Over the past two months, I’ve learnt a lot about writing as therapy. Since early October I’ve written more pages of poetry than I usually muster in a year, though I still have a long way to go. Day poems about walking and madness, night poems in which I confront past and present ghosts one at a time. My latest poem, which begins as one of the darkest, ends on a somewhat positive note, but now I’ve been stuck for a week. I’m nowhere near finished, and need to dig deeper.
Transforming your pain into something meaningful, wild and musical (the Maltese endekasillabu works wonders) can be of significant help, however gradual. But there are dangers.
1. Firstly, you’re walking a delicate tightrope. The most expressive images and emotions will probably rise to the surface whilst you’re half asleep, but at the time of actually writing, you need full concentration. The banality of your thoughts is beneath you, around you, above you. Don’t try to blurt it all out in one go, and don’t be afraid to remain still whenever necessary. And of course, beware of the temptation to simply let yourself fall. Finding the right balance between the literal and the figurative, and the right tone and mood, takes time.
I used the word ‘banality’ – no one wants to read about your guilt, your hang-ups and your fuck-ups, but that’s not the point. You’re writing first and foremost for yourself. (And by helping yourself, you relieve the pressure off those close to you.) Each depression is highly personal and specific, the result of a number of intertwined factors – some so deeply linked to childhood that you may not remember where or how they actually originated -, so any attempt to write an impersonalised poetic manual for curing depression will be devoid of substance and will soon slip into failure. To poeticise the unpoetic is never going to be easy. Catharsis is to be found in image, metaphor, rhythm, surprise. There is a dark beauty in the macabre, and humour too, but don’t overdo it.
2. Despite the simile of the tightrope, depression is not linear, but moves spirally. It’s inevitable that you will repeat yourself. Use this repetition wisely. Anaphora can be powerful, but can also be a sign of laziness if abused or hackneyed. Each time you mention a particular symbol, try to give it a new trait or a new link. Don’t look for total coherence among poems. Depression and fear contradict themselves continuously.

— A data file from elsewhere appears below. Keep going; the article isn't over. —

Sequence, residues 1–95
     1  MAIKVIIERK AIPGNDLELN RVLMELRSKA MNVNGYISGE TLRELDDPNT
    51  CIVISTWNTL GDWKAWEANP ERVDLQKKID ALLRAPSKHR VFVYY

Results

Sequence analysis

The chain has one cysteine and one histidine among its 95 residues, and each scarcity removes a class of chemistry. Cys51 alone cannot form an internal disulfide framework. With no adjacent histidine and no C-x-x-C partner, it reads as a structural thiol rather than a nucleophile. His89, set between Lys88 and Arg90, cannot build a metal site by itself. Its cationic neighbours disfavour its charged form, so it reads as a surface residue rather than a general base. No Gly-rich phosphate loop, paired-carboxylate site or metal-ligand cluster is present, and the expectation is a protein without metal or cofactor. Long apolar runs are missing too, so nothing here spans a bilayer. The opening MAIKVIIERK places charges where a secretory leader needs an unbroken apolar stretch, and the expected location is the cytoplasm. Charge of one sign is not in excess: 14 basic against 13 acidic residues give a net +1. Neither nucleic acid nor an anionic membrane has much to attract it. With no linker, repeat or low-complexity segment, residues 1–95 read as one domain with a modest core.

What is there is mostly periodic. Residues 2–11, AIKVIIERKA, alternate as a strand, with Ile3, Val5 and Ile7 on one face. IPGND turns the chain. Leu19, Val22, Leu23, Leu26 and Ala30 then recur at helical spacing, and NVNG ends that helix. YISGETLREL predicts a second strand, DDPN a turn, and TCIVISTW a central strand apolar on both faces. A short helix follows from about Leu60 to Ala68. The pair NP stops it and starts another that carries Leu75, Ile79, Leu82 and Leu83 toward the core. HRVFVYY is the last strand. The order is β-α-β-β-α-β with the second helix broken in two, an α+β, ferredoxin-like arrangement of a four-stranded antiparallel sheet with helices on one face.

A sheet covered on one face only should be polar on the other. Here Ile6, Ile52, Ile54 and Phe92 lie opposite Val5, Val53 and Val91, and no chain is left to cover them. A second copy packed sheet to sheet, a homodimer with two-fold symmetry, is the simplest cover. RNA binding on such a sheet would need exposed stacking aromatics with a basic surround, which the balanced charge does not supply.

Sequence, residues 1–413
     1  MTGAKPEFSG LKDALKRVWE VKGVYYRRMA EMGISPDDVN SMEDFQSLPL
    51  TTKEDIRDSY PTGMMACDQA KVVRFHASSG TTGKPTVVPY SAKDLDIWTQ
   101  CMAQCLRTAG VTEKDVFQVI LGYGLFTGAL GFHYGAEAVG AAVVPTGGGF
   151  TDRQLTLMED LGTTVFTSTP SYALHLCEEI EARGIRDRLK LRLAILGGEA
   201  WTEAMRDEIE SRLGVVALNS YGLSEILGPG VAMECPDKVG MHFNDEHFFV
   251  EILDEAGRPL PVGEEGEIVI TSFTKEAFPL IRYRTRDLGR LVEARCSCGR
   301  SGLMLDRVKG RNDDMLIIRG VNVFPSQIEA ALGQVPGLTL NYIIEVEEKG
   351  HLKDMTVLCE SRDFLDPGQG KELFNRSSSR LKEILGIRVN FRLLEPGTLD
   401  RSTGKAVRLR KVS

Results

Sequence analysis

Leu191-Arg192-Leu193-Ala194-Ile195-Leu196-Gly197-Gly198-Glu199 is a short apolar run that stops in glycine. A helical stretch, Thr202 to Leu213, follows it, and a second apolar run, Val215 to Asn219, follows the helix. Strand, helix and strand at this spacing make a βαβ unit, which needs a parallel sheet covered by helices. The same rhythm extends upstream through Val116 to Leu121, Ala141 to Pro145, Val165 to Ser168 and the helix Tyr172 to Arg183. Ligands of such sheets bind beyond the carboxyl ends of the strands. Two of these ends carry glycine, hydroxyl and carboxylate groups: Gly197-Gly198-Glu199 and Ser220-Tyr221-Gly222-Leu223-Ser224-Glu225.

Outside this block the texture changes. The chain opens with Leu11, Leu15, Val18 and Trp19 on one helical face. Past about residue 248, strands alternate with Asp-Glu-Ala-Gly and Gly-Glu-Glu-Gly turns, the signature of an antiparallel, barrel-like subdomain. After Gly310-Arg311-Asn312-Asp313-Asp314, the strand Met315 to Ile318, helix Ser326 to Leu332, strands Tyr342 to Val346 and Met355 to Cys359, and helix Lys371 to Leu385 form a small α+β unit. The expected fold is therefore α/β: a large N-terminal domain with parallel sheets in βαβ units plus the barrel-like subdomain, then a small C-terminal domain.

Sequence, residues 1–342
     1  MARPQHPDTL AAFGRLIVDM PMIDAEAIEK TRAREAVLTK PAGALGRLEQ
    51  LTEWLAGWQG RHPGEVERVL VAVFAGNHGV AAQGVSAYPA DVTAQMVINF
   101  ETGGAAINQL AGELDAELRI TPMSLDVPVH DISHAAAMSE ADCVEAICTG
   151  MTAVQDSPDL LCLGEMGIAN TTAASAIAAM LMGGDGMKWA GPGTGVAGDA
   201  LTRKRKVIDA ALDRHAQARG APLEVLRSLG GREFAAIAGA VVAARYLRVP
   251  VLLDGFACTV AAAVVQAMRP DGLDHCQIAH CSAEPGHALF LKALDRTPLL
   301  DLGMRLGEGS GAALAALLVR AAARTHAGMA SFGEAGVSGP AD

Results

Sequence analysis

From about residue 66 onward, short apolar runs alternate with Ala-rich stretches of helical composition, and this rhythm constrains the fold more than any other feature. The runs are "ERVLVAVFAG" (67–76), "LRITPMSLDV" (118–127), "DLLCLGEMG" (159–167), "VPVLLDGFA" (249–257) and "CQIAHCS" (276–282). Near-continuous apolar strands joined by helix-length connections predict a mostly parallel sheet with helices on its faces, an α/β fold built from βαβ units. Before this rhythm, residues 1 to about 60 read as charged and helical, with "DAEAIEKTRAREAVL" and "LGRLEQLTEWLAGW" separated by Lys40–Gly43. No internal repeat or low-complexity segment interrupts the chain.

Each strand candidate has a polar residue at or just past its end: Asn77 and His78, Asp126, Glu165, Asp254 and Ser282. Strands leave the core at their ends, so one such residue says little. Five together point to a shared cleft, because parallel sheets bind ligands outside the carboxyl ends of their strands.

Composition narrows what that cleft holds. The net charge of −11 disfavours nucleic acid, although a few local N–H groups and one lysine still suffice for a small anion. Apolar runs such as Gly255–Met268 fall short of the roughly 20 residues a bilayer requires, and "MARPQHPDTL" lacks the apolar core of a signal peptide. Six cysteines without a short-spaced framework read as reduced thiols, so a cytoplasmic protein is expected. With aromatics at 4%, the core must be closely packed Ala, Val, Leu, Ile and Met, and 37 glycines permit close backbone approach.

3. Do not over-obsess over a past episode for the sake of your poetry, as you may end up falsifying the emotion, or worse still, deepening your madness or paranoia unnecessarily. Perhaps more importantly, do not cling too tightly to the poetry itself, as if it were your only road to salvation. On a day in which the poem doesn’t seem to want to piece itself together, you’ll have your stomach in a twist and may wish to pack it all in. Don’t wring yourself like a towel for the fun of it. Be patient, and focus on something else – go for a long walk, listen to music, read other poets. Beware also of euphoria upon completing a poem you’re proud of. The higher the wave, the harder it will hit you against the rock when it crashes down.
4. Finally, it’s important to observe the writing process, but not too much. If you re-revise your poems too often, they will lose meaning, perhaps even to the point where you’ll find yourself moving backwards, having to go through the same cathartic process again.
The sooner I get to the final poem in the series, the sooner I can get back to writing about islands, coastlines, maps and migrations. But I can’t rush it. Hopefully this block won’t last for too long. A week without writing has helped me gain some perspective, but I’m desperate to get back into the thick of it. (There are also translations of the ‘Passport‘ waiting in the wings to be revised, edited and printed, and I hate to keep postponing my collaborations with such wonderful people. But I’ll be in touch soon.)
For readers of Maltese, here’s one of the ‘lighter’ examples from the series I’m working on. (Apologies, no English translation yet.)
Il-ġenn dejjem pass ‘il bogħod, jekk mhux inqas.
Oqgħod attent fejn tirfes, u tgħaġġilx.
Il-moħħ bħal żiemel. Trid titgħallem tirkbu
u tiġbidlu l-ilġiem bla tweġġgħu wisq.
Il-werqa niexfa ċċaqċaq hemm taħt sieqek
mhijiex ruħek. Sempliċement ħarifa.
Il-vojt taħt dan il-pont mhuwiex isejjaħ.
It-tokki min-naħa l-oħra tax-xmara
qed idoqqu għax ħinhom u xejn aktar.
M’hemm l-ebda wiċċ fil-forma ta’ dis-siġra.
In-naffar f’nofs l-għalqa mhux mostru antik.
Il-mitt ċawlun itiru bejn iċ-ċmieni
mhumiex qed isegwuk jew jidħqu bik.
Il-mara għaddejja bil-kelb xejn ma tixbah
lil dik li ħlomtha appik li timbuttak
bl-eleganza kollha minn tarf l-irdum.
Il-kelb riesaq lejk. Turihx li qed tibża’,
ħares ‘l hemm ħa taħbi l-abjad ta’ wiċċek,
titlaqx tiġri għax malajr jilħqek bi snienu
ħa jniżżilhom fi rkopptok u jibgħatlek
dil-penitenza kollha għand ix-xjaten.
Għaddew. Ħu nifs twil. Erħih bil-mod. Ħu ieħor.
Erġa’ erħih. Ħu ieħor. Erħih. U ieħor. U ieħor.
Tgħoddx. Tgħoddx sa tmienja. Tgħoddx l-ittri t’isimha
bħalma kont tagħmel int u tgħumha ‘l ġewwa
fid-dlam ċappa lejn ir-ramla moħbija
fil-bidu tal-Wied. Le. Ibqa’ għaddej. Nifs
wara nifs. Pass wara pass. Ħoss l-ossiġnu
jonfoħlok il-pulmuni bħall-qlugħ bojod
ta’ dgħajsa tmewweġ lejn gżira mitluqa.
Ħoss ir-raded ta’ ġildtek jiġmgħu l-melħ.
Ħoss is-sħaba f’rasek teħfief, tiċċara.
Ħoss l-imnifsejn qed jagħrfu l-ħjiel tax-xagħra.
Ħoss iż-żiemel li issa telaq għal riħu
iħaffef kemm kemm it-trott lejn ix-xamma
ta’ ħarrub frisk li ġejja mill-istalla.
Ħoss ir-riedni jiżolqulek bil-ħlewwa.
Ħoss fil-mixja ħielsa s-serħan mill-għafsa.
Għal tikka. Għal mument. Għal ftit. Għal darba.
4 thoughts on “On poetry as therapy”
Really appreciated this open and honest piece. Thank you Antoine.